Arsenale bridge. Canaletto, 1732. Woburn Abbey, private Collection.

Arsenale entry today. Private photo archive.

Arsenale shipbuilding dock. Private photo archive.
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Arsenale bridge. Canaletto, 1732. Woburn Abbey, private Collection.


immagine didascalia

Arsenale entry today. Private photo archive.


immagine didascalia

Arsenale shipbuilding dock. Private photo archive.



Arsenale

The Arsenale di Venezia is a huge monumental complex with a great history. It covers about 6% of the total surface area of the islands making up Venice.

The Arsenale was the State Shipyard; built and documented in the 12th Century onwards.
It later grew to become the world’s largest shipyard at the time. This complex was so crucial for the economy and civil history of Venice that in 1509 the Senate called it the "heart of the Venetian State."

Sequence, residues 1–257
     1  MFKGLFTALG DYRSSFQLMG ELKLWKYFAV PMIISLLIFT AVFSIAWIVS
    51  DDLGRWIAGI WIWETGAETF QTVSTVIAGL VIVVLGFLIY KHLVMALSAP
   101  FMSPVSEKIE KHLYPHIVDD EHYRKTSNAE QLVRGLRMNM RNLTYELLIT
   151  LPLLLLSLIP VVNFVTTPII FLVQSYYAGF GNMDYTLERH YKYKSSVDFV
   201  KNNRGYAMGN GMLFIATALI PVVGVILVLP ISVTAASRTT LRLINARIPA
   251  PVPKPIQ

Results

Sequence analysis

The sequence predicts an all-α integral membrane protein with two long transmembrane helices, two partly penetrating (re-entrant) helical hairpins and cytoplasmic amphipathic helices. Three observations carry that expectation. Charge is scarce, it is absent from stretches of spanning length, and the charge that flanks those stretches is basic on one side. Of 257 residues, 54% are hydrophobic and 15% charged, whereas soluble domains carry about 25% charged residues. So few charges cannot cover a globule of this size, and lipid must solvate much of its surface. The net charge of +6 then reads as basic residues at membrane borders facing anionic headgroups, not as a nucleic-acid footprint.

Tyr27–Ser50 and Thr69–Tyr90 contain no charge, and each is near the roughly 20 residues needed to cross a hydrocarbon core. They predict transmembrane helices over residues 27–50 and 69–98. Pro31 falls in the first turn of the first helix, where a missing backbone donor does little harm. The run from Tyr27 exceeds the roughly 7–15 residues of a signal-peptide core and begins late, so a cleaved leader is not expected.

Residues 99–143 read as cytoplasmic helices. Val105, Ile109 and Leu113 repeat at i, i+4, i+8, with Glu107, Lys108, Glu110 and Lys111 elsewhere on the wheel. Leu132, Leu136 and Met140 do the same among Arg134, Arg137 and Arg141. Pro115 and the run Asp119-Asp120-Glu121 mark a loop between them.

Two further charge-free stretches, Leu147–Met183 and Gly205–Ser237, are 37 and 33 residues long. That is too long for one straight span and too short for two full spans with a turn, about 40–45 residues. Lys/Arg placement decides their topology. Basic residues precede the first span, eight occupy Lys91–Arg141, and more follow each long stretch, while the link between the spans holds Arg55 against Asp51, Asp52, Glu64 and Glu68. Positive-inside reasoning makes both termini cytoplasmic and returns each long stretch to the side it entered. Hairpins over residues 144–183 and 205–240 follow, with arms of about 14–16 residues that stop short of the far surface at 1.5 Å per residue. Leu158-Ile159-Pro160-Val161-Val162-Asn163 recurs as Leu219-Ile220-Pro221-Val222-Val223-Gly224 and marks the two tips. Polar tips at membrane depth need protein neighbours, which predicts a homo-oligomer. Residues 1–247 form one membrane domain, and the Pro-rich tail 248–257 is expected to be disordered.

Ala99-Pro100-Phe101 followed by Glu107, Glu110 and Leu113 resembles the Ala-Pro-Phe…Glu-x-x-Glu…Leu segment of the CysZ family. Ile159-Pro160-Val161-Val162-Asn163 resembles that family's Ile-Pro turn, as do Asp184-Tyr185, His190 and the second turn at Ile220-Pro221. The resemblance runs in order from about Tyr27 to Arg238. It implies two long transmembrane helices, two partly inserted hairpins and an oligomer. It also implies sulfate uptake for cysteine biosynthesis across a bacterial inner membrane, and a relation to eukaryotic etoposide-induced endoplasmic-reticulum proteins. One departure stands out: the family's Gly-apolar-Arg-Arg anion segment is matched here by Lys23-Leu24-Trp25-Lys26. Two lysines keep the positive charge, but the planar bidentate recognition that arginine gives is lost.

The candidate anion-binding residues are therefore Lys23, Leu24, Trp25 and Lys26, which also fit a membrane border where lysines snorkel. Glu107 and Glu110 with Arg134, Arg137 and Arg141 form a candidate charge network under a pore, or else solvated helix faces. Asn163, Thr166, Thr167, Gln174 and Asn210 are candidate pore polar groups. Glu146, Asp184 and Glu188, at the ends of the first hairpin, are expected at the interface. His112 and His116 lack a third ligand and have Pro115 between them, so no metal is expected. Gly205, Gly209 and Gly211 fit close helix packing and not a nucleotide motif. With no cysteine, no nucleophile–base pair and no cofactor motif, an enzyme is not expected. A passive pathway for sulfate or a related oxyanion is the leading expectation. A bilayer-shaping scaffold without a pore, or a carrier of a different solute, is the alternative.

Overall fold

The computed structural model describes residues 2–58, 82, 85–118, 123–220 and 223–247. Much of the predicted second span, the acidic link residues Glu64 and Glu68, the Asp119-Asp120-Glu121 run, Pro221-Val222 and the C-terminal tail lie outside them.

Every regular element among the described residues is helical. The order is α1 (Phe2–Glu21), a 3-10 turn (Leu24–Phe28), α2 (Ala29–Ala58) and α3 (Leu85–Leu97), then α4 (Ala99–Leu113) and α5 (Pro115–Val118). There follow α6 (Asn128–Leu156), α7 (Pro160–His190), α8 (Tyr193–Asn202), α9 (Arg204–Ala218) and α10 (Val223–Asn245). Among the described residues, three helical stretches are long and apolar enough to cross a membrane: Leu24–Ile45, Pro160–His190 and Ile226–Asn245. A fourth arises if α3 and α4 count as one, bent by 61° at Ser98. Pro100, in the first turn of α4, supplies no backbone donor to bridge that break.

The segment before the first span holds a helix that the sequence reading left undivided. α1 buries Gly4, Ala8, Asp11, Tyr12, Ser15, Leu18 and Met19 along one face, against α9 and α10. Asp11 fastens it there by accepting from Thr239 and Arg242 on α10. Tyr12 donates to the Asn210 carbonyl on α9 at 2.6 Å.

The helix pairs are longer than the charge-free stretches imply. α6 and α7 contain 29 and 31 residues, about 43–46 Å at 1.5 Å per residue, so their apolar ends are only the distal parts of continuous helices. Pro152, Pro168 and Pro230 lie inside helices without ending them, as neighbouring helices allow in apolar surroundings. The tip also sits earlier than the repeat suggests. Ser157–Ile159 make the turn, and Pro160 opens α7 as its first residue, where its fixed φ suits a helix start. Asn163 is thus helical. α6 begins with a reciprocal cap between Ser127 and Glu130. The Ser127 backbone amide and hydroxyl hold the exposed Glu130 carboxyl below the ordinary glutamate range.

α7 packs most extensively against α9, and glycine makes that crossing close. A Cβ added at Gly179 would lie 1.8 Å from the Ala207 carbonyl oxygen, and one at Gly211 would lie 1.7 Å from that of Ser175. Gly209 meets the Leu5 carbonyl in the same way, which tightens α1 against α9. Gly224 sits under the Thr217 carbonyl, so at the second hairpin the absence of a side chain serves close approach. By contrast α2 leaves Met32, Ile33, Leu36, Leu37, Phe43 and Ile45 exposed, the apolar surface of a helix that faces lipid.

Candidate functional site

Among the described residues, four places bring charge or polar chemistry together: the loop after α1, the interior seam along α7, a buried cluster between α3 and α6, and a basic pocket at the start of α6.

In 1400 the Arsenale was the world’s largest "industrial complex", employing more than 3000 workers – the “Arsenalotti” – and with output capacity in the 1500s of 6 galleys a month.
Extended in 1460 with a magnificent entrance portal, the Arsenale has always benefitted from good defences: surrounded by high walls and guarded by impressive towers, every effort was made to prevent others spying on the secrets of the Venetian art of ship-building.

Destroyed by the French in 1797 and rebuilt by the Austrians during their occupation of Venice, the Arsenale continued to produce ships until the early years of the Kingdom of Italy.
All activity ceased, however, in 1900 and the Arsenale is now the property of the Italian State. In recent years it has been used to host various exhibitions and other events, including the activities of the Biennale Foundation.


1100 - 1200  -   CASTELLO - rev. 0.1.6

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